While laparoscopic instruments facilitate minimally invasive procedures that offer a variety of clinical and administrative benefits—faster recovery times, fewer post-operative complications, greater efficiency—they can present a number of challenges for operating room (OR) and central supply staff.
For example, some laparoscopic instruments feature multiple parts, making it challenging and time consuming for central-supply staff to assemble trays and for OR staff to set up and break down equipment.
Due to their complex design, laparoscopic instruments can also be difficult to clean, requiring staff to invest significant time and labor to ensure that they are adequately disinfected.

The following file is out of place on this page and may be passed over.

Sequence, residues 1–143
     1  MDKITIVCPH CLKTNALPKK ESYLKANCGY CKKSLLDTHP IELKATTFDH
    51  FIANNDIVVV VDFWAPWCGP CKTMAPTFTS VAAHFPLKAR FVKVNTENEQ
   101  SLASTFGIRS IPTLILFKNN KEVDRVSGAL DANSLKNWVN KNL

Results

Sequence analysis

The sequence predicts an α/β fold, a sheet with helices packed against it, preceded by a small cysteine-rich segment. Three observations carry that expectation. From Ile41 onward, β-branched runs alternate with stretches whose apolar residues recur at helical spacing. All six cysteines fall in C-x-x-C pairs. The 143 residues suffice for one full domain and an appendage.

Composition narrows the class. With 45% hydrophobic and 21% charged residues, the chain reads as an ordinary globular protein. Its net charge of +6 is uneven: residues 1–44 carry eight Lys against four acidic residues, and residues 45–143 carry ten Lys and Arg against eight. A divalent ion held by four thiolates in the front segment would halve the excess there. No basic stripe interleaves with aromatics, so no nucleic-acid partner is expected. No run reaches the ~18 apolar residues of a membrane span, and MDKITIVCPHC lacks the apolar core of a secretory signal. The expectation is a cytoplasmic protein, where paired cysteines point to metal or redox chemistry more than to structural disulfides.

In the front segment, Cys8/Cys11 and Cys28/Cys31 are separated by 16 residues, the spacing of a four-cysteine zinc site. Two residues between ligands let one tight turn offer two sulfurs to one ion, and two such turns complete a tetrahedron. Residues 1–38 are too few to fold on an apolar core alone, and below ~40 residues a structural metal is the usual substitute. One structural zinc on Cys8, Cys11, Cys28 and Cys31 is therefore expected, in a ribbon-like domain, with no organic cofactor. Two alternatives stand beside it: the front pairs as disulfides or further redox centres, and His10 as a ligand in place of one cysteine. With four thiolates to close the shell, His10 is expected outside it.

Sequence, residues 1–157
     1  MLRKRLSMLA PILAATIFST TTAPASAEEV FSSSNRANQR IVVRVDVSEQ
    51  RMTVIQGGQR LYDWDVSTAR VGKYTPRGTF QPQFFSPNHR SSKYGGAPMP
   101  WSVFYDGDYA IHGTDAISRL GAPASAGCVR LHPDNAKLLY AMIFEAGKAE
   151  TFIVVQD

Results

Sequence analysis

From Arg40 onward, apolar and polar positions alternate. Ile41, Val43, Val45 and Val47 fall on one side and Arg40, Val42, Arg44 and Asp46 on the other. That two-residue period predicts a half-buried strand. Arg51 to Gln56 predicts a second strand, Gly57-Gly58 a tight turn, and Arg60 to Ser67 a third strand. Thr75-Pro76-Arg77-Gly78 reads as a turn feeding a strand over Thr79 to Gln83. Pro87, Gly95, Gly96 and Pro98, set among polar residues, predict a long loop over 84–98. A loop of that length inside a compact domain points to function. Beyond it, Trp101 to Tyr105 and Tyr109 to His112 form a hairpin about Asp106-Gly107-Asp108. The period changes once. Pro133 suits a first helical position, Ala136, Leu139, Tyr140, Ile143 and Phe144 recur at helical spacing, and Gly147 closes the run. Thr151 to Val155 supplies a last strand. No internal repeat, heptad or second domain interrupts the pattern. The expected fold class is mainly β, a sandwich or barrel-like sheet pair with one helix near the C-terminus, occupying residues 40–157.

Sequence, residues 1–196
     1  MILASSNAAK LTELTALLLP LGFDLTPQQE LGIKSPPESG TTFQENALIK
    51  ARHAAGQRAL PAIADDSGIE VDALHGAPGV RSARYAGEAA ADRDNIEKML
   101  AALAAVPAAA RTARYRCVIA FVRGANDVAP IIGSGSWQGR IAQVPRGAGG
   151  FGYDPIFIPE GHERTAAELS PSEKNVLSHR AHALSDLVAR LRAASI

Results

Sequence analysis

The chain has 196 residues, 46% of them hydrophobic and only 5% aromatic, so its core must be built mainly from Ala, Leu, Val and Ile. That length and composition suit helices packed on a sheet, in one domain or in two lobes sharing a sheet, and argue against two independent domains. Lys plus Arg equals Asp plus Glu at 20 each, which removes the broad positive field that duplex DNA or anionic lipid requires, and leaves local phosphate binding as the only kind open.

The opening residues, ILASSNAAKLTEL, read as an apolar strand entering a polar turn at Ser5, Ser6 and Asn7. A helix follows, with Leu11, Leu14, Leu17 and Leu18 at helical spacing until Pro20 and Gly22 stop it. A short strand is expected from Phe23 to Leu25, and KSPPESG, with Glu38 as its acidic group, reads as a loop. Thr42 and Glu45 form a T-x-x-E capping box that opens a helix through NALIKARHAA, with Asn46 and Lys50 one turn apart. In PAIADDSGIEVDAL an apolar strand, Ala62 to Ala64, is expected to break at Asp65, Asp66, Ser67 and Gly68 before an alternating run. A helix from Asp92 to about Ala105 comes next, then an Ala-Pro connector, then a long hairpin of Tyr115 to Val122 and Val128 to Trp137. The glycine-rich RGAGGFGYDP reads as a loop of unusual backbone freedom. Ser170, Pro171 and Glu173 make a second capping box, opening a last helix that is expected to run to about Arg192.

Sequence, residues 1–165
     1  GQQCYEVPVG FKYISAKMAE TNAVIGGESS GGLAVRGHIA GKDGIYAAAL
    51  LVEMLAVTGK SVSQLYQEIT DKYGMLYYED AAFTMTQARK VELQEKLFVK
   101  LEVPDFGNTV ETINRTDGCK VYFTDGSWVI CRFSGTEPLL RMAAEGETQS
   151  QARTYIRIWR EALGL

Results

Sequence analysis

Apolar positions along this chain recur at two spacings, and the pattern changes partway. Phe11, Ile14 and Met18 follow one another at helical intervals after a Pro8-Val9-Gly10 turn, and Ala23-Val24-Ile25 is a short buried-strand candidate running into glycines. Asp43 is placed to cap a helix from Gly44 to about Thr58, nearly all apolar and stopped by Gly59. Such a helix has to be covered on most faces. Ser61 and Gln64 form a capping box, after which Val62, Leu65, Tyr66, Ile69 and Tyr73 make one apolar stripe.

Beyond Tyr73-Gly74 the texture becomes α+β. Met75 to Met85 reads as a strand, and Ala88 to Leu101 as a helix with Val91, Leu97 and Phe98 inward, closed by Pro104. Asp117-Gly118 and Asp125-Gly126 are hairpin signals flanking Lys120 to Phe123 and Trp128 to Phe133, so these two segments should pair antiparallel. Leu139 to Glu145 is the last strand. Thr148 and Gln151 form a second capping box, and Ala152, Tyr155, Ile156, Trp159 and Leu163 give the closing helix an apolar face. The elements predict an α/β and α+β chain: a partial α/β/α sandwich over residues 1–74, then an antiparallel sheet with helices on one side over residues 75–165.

Furthermore, laparoscopic instrument repairs can be costly and long turnaround times can disrupt surgical scheduling when a surgeon finds that he or she doesn’t have the instruments necessary to perform a case.
Compounding these issues, some hospitals order, stock, clean and manage laparoscopic instruments from a variety of manufacturers to meet the individual needs of each surgeon. This was the case with Mercy Hospital Cadillac in Cadillac, Mich., a non-profit, acute care hospital providing healthcare to more than 80,000 residents across seven counties.